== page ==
Friday, 14 June 2013

Saint Nem of Aran, June 14



At June 14 the Martyrology of Oengus has an interesting gloss on its entry for the day for a Saint Nem, who appears to share his feastday with the commemoration of a translation of the relics of Saint Benedict:

14. Both of them meet on the same festival,
a hostful sea!
Nem the vigorous descendant of Bern,
with Benedict the victorious.

14. Nem, i.e. a pope who is in Aran, and he is a successor of Enda of Aran, and of the Dal Birn of Ossory he is, and a brother of Ciaran of Saiger. Nem great-grandson of Bern. He was called by three names, to wit, Nem and Pupu and Cailbe. Nem primum nomen etc. Whence Senan of Inis Cathaig sang Abbas almus amabilis etc. A successor of Peter and Paul, Cailbe came from the east from Rome, Nem, great-grandson of Bern, a bright brother, whose name is Pupu of Aran.

 I was grateful to be able to turn to the latest reference work, Pádraig Ó Riain's A Dictionary of Irish Saints, to make sense of this multi-named saint. There I learnt that several chapters of the Life of Saint Enda of Aran, dealing with a sojourn in Rome, feature Pupa (Pupu), a name said to derive from Papa, 'Pope' which was also used to describe Irish hermits in Iceland. Another source says that Nem/Pupa had abandoned the papacy to retire to Inishmore, which is a charming notion. As we have seen above, the scholiast on the Martyrology of Oengus portrays Nem/Pupa as the successor to the great Saint Enda and claims that he was a brother to Saint Ciarán of Saighir. The three names mentioned in the Martyrology are thus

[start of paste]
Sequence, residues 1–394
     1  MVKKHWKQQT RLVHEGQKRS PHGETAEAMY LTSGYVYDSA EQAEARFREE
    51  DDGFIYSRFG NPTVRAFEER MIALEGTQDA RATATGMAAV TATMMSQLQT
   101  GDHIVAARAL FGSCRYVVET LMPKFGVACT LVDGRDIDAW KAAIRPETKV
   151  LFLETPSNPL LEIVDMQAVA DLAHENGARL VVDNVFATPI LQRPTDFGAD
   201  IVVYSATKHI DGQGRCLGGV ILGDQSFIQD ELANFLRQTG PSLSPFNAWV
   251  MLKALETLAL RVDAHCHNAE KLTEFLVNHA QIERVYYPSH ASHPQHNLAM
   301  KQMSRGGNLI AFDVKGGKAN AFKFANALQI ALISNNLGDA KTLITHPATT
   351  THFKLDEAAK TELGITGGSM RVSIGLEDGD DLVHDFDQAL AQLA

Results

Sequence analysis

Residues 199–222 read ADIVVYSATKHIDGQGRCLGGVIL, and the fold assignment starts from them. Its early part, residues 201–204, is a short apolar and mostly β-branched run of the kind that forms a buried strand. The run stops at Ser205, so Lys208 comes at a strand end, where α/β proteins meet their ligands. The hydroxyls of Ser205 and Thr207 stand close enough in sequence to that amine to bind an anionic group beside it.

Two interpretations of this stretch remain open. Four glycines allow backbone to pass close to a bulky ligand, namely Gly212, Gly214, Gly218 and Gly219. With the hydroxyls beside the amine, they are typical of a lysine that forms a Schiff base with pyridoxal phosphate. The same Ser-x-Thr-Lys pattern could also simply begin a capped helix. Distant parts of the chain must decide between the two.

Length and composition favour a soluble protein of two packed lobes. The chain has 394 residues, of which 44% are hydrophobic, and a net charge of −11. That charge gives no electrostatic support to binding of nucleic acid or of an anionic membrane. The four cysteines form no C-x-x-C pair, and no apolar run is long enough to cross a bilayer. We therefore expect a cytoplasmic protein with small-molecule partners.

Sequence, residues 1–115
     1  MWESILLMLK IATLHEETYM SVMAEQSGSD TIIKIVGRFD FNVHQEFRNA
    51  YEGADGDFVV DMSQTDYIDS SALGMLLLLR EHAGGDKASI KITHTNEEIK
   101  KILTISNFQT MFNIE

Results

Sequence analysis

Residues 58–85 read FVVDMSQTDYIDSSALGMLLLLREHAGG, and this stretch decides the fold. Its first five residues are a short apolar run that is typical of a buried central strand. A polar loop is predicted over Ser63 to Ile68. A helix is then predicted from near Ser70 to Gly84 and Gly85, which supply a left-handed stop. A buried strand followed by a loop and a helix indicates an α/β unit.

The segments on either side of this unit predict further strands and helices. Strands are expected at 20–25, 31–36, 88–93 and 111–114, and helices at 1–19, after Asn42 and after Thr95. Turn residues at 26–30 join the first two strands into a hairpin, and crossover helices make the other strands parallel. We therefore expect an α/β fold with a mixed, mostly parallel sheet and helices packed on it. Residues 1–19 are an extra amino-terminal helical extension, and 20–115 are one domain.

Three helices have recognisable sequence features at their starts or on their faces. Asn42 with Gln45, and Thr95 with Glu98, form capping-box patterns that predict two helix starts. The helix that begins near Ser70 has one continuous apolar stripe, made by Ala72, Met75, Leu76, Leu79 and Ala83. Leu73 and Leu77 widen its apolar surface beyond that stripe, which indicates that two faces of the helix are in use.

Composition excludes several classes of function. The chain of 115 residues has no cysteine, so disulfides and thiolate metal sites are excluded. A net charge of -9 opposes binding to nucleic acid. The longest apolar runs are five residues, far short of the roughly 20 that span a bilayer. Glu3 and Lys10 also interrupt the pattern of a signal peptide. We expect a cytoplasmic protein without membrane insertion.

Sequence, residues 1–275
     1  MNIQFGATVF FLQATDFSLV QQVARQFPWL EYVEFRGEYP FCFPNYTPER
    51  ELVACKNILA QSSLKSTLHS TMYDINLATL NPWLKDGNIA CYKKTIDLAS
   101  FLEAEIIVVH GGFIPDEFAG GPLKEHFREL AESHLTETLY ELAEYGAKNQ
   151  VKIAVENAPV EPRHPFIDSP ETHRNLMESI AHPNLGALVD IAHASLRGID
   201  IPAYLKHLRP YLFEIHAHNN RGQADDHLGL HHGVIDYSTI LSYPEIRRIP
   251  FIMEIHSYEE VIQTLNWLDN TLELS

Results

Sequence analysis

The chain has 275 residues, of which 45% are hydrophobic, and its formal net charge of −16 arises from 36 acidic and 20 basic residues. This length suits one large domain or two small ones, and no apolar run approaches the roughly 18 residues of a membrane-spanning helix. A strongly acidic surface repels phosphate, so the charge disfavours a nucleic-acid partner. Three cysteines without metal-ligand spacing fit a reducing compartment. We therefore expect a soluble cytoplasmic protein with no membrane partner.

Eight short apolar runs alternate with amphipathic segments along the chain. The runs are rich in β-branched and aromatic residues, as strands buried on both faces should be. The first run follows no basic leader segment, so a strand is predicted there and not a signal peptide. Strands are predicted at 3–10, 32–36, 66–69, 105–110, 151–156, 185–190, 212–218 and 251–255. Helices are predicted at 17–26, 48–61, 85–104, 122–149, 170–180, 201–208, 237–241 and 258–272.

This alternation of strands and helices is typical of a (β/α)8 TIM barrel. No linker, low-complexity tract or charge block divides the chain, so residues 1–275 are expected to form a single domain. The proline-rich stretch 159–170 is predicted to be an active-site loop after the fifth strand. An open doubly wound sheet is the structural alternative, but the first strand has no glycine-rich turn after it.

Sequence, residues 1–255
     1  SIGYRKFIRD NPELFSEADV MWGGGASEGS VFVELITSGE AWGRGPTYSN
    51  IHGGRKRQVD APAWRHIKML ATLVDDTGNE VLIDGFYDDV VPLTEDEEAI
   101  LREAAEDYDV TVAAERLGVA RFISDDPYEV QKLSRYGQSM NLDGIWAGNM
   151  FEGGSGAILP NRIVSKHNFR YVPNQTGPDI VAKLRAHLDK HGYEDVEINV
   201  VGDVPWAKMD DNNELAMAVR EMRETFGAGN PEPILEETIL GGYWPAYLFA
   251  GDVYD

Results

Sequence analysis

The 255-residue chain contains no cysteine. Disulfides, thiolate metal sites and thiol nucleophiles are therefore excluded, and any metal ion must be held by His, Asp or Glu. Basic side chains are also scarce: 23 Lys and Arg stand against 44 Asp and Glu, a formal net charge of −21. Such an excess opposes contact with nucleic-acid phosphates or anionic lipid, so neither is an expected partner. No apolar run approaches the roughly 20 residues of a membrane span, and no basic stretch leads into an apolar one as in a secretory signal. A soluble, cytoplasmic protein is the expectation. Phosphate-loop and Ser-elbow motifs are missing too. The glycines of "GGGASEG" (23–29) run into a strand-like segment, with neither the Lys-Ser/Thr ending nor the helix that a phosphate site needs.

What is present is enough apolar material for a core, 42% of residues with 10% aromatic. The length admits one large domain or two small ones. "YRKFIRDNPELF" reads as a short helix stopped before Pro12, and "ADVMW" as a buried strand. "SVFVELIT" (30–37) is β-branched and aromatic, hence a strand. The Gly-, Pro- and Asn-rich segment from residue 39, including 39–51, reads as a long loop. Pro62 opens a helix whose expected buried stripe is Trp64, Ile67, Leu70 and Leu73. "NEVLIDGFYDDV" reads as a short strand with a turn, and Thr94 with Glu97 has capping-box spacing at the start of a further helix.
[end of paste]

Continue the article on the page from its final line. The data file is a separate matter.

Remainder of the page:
1. Nem - the saint's original birth name.

2. Pupa - because of his quest for the chair of Peter. 

3. Cailbe - derived from caol-bheo, 'slender-alive',  because of his 'thinness' during his life. 

Nem/Pupa also features in the Life of Saint Brendan, where he appears, along with Saint Enda, as one of the well-wishers seeing off the Navigator of Clonfert at the start of his famous voyage. As the Martyrology also mentions, Saint Senan is made to declaim a Latin quatrain beginning Abbas almus amabilis, in praise of Saint Nem. Thus is this 'Pope of Aran' honoured within the Irish sources, although he seems to be an obscure figure today. 

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